Hours after Boston's mayor and Massachusetts' governor asked him to administer a new fund to help victims of this week's Boston Marathon bombing, attorney Ken Feinberg posed difficult ethical questions about the value of human life to an audience at Cal State Bakersfield.
Feinberg was the special master for the 9/11 Victim Compensation Fund, which distributed $7 billion to 5,300 people after the Sept. 11 attacks; as well for $6.5 billion that paid 1.2 million claims related to the Deepwater Horizon explosion and oil spill.
He also administered money collected after the 2007 shootings at Virginia Tech, and many other high-profile tragedies.
Kegley Institute of Ethics brought in the nationally renowned attorney and law professor for the 27th annual Charles W. Kegley Memorial Lecture.
There is no easy way to decide who to compensate, or how much, Feinberg said Wednesday.
It doesn't matter that he is guided by standards no different from those used by judges and juries all over the country --what would this person have earned over the course of their working life but for the tragedy that injured or killed them?
"There's a certain hollow ring to the idea that all I'm doing is emulating the existing system," he said. "I am not a rabbi or priest. I am not Solomon. I cannot place a dollar figure on the moral integrity of a loved one."
Because both the 9/11 and Deepwater Horizon compensation involved taxpayer money accepted on the condition of waiving the right to sue, Feinberg was bound by a victim's earning power in his calculations. There was simply no way around the fact that a stockbroker earns more than a waiter, and thus would be entitled to more money, he said. In an egalitarian society that prizes equal access to justice, that rubbed a lot of people the wrong way.
But the Hokie Spirit Memorial Fund for the victims of the Virginia Tech shootings was private money, so in that case, he proposed a flat, equal payment of $212,000 for each of the 27 students and five faculty members who were murdered.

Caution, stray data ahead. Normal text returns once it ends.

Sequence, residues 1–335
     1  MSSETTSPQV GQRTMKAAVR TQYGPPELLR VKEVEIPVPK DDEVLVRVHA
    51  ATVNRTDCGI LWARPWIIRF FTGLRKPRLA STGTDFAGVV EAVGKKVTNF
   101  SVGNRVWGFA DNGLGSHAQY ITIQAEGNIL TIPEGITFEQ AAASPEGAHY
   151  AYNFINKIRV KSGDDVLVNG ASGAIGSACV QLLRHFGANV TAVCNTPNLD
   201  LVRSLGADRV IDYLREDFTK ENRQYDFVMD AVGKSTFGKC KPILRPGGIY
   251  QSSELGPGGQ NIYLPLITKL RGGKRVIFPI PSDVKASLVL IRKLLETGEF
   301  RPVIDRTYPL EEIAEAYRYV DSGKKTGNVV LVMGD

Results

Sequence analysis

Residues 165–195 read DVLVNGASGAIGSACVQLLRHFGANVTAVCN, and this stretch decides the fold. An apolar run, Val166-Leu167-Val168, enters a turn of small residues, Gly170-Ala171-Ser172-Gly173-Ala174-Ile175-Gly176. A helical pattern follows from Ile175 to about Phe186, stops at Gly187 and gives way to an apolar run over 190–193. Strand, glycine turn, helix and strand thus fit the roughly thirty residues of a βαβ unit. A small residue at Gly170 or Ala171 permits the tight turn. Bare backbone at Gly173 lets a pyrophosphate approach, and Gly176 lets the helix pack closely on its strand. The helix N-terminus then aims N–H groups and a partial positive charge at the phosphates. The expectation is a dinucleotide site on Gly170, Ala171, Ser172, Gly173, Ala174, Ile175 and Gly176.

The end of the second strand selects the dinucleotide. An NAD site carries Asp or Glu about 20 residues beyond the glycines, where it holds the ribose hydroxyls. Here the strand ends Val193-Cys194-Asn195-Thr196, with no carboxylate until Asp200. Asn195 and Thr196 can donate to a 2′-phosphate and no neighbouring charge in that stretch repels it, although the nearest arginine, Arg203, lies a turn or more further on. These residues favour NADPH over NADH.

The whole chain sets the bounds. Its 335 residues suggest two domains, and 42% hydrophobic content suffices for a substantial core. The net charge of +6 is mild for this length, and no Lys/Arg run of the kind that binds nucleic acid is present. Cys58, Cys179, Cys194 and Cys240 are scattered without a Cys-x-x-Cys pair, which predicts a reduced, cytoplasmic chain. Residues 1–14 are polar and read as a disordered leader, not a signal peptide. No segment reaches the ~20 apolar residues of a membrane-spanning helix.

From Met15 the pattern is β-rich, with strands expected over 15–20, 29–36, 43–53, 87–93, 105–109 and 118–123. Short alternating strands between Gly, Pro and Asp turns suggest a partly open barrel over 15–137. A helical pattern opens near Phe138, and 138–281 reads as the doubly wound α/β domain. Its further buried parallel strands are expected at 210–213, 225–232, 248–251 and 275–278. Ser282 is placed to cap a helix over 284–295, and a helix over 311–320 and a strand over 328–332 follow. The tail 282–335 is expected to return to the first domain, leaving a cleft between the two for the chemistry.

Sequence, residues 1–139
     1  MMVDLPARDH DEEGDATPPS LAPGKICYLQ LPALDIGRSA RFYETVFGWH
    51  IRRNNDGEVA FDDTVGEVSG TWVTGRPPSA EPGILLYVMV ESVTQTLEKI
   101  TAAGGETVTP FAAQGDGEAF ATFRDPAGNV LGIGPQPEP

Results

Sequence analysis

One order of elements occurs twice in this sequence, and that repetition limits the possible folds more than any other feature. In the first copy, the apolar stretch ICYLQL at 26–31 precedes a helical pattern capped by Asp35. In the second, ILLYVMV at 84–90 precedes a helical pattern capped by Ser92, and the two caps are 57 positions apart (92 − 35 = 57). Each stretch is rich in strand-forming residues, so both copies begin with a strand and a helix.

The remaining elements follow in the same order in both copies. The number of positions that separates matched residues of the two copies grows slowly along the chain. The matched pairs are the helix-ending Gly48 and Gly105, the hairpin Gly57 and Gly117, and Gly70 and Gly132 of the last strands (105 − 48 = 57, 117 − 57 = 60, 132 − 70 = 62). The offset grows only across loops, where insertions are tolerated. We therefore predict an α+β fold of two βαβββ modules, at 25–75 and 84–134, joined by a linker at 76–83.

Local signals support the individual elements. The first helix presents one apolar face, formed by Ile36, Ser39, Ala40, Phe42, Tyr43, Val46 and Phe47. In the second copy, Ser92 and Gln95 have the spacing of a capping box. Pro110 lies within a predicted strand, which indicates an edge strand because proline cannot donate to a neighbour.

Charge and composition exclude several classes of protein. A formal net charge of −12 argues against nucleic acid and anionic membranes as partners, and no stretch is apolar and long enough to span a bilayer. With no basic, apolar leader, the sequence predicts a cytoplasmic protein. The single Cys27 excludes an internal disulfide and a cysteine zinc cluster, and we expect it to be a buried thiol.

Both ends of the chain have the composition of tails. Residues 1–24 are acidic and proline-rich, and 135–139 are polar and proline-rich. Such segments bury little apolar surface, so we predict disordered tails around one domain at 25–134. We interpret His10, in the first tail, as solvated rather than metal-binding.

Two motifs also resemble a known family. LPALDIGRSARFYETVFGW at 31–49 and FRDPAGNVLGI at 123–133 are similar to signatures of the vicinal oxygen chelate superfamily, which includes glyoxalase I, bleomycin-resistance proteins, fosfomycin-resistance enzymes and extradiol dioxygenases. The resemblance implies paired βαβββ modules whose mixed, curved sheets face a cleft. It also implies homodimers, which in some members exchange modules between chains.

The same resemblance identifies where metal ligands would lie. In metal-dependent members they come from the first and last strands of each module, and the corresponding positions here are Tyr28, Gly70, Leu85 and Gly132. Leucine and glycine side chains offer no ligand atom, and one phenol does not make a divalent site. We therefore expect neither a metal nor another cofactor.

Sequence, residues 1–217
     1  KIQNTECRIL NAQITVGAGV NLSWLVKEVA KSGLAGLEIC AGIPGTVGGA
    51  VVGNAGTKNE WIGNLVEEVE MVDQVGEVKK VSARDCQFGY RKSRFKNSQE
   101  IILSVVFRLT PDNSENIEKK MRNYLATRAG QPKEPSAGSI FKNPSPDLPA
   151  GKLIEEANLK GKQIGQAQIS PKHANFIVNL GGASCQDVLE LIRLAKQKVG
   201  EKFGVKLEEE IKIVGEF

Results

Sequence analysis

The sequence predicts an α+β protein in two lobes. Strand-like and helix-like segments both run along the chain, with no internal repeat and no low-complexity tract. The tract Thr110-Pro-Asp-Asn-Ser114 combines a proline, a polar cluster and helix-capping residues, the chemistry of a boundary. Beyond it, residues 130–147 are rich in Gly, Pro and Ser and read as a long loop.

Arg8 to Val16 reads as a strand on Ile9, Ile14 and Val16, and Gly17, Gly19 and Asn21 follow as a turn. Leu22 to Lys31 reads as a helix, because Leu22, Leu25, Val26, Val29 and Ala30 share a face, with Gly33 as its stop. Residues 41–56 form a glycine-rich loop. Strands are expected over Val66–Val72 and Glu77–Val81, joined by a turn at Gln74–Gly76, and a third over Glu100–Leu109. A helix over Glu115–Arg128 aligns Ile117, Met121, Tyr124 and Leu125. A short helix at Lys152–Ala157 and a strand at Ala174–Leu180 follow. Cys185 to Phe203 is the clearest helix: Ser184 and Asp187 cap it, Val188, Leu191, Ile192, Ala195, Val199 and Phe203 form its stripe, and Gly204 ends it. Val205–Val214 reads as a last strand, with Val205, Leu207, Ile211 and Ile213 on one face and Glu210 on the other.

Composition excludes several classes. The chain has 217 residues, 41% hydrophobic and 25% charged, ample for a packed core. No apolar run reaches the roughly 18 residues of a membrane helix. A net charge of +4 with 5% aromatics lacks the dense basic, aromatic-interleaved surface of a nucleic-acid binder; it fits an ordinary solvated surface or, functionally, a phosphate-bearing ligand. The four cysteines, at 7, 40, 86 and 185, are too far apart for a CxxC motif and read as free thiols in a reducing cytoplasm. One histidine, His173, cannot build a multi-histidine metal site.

That stirred the wrath of those who argued that survivors of professors with six-figure salaries should be paid more than families of unemployed students.
There were so many other murky ethical waters. How to handle same-sex couples. Whether or not to pay the fiancee of a man who died the day before his wedding day, when his parents claimed he'd been about to call off the wedding. Whether or not to tell a widow and mother of three about the claim from a mistress with two children fathered by her late husband.
These were "keep you awake at 3 a.m." dilemmas, Feinberg said.
The attorney is firm on just one issue. Although he believes using taxpayer money to keep would-be litigants out of the courts after the oil spill and Sept. 11 attacks was a good idea at the time, he's not anxious to see that particular public policy repeated.
Is it fair, he asked, that we single out these two incidents for public support when bad things happen to good people all the time? What about the victims of the 1993 World Trade Center attack, an act of terrorism in the same location? What about the Oklahoma City bombing? Why not them?
Feinberg added that he readily concedes that money is an inadequate and sort of crass way to respond to bottomless grief, but there's no alternative.
For more than 200 years, the nation's capitalist society has used money to make wronged parties whole, to the extent possible.
Feinberg explores all these issues in a new book, "What is Life Worth?", which he said he wrote in part as catharsis, a sort of emotional coping mechanism.
It's "horrible, horrible" work, he said, but he's at it again, a glutton for punishment. On Friday, Feinberg is off to Boston to work on One Fund Boston, which was already up to more than $7 million at the time of Wednesday's lecture.
The fact that so much money could come in so quickly, unsolicited, is a testament to the kind of country we live in, Feinberg said.
It's why he'll keep plugging along, "as long as there's a tragedy, as long as there's a program and somebody asks me to do it," Feinberg said. "One of these days I'll fail big time, and then I'll retire."